The Most Important Leadership Competencies, According to Leaders Around the World

18 March, 2020

What makes an effective leader? Sunnie Giles asked 195 leaders in 15 countries and over 30 global organisations to choose the 15 most important leadership competencies from a list of 74.

The most highly rated at 67% is ‘high ethical and moral standards’. Combined with ‘communicating clear expectations’ at 56%, Giles says “these attributes are all about creating a safe and trusting environment. A leader with high ethical standards conveys a commitment to fairness, instilling confidence that both they and their employees will honor the rules of the game. Similarly, when leaders clearly communicate their expectations, they avoid blindsiding people and ensure that everyone is on the same page. In a safe environment employees can relax, invoking the brain’s higher capacity for social engagement, innovation, creativity, and ambition.”

This competency is about behaving in a way that is consistent with your values. If you find yourself making decisions that feel at odds with your principles or justifying actions in spite of a nagging sense of discomfort, you probably need to reconnect with your core values.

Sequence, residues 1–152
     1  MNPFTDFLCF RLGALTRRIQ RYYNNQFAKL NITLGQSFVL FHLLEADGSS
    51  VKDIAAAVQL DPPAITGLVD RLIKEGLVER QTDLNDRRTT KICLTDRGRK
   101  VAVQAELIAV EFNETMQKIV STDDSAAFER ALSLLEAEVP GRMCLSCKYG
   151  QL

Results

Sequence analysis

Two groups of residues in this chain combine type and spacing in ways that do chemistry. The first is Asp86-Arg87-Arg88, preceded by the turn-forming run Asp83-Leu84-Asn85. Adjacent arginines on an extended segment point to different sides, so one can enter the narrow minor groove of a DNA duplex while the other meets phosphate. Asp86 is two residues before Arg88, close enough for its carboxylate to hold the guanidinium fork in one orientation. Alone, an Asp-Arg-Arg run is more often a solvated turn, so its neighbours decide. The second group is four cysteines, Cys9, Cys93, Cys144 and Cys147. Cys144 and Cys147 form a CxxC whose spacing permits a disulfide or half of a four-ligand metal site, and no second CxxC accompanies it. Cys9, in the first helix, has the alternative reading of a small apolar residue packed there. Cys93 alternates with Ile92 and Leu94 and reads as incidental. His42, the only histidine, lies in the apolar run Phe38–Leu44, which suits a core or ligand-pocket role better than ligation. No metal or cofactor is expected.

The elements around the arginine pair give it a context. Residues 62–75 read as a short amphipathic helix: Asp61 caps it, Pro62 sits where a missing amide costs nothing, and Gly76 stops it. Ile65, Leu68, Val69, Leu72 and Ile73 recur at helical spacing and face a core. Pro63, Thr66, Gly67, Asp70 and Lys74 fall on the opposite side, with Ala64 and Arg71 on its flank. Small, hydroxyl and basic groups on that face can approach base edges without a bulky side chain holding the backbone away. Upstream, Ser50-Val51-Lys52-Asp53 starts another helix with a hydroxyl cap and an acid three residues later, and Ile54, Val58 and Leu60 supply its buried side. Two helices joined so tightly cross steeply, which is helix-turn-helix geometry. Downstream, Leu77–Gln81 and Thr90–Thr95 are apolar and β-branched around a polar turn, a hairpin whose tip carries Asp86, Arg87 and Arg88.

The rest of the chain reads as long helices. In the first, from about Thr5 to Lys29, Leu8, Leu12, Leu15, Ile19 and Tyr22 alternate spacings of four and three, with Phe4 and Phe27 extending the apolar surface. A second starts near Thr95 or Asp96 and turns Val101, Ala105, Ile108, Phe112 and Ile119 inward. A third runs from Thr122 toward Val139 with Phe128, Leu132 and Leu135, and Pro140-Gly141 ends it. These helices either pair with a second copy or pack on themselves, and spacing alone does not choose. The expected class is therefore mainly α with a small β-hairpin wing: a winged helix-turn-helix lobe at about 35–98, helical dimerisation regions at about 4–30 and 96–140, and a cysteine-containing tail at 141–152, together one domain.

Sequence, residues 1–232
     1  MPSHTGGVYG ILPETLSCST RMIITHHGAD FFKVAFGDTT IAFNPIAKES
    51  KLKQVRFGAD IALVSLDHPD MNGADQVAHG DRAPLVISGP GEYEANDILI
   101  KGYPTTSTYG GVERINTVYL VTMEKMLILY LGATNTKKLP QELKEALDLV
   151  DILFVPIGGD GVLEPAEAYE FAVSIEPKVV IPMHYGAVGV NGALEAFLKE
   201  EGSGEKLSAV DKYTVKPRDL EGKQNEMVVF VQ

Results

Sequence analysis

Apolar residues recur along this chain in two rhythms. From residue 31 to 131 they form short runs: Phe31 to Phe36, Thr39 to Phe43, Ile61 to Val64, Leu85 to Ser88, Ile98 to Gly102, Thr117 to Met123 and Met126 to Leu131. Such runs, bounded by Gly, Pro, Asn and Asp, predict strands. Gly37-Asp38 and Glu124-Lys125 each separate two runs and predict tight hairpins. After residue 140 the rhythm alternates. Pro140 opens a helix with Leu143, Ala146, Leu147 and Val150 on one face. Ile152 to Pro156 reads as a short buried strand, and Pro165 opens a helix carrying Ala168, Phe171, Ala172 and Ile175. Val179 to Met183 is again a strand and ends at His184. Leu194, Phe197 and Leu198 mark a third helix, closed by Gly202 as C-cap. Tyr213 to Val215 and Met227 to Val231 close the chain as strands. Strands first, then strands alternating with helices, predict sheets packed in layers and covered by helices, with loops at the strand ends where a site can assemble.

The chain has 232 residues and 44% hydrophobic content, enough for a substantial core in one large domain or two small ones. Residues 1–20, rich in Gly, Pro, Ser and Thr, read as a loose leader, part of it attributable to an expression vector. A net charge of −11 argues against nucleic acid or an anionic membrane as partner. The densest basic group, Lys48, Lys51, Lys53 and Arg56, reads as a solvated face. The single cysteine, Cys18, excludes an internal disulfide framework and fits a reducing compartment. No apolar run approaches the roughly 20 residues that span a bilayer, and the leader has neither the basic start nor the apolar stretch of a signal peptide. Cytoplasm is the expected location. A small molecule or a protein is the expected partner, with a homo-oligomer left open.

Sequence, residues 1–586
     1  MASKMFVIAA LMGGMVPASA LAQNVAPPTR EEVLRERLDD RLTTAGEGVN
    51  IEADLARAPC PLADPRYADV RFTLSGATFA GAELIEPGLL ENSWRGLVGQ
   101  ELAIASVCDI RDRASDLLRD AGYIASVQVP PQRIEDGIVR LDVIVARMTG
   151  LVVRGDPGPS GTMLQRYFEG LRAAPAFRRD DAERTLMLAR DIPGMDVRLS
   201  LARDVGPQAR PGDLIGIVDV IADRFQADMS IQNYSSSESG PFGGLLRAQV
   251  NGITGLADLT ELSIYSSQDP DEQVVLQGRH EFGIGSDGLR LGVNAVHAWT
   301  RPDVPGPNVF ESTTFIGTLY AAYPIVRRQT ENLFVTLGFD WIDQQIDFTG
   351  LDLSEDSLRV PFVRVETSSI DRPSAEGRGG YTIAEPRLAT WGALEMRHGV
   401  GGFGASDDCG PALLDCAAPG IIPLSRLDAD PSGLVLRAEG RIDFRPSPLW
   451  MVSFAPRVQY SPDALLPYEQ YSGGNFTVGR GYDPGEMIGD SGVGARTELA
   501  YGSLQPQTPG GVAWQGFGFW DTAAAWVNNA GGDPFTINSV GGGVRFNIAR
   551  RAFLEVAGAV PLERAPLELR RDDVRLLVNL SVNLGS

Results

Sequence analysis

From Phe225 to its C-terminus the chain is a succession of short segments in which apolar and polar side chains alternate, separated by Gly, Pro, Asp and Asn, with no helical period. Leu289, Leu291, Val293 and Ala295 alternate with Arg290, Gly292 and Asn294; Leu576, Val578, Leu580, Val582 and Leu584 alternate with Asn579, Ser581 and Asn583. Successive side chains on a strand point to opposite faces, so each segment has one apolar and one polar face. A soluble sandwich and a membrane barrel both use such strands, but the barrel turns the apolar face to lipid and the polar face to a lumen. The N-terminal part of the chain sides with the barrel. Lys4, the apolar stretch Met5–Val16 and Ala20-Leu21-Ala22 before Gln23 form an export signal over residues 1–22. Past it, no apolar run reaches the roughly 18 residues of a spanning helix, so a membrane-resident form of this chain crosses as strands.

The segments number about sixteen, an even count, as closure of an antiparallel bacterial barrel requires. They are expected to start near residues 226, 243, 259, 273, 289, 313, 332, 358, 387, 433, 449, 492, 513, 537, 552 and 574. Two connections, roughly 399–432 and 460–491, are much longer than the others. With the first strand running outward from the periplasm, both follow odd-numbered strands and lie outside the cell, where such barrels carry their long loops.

“Neuroscience corroborates this point. When the amygdala registers a threat to our safety, arteries harden and thicken to handle an increased blood flow to our limbs in preparation for a fight-or-flight response. In this state, we lose access to the social engagement system of the limbic brain and the executive function of the prefrontal cortex, inhibiting creativity and the drive for excellence. From a neuroscience perspective, making sure that people feel safe on a deep level should be job #1 for leaders.”

In this article she’s grouped the top competencies into 5 major themes that suggest a set of priorities for leaders. In Giles’ view they’re all difficult to master, in part because improving them requires acting against our nature, but with deep self-reflection and a shift in perspective she sees enormous opportunities for improving everyone’s performance by focusing on our own.

Read the full article here.

via Harvard Business Review, 15 March 2016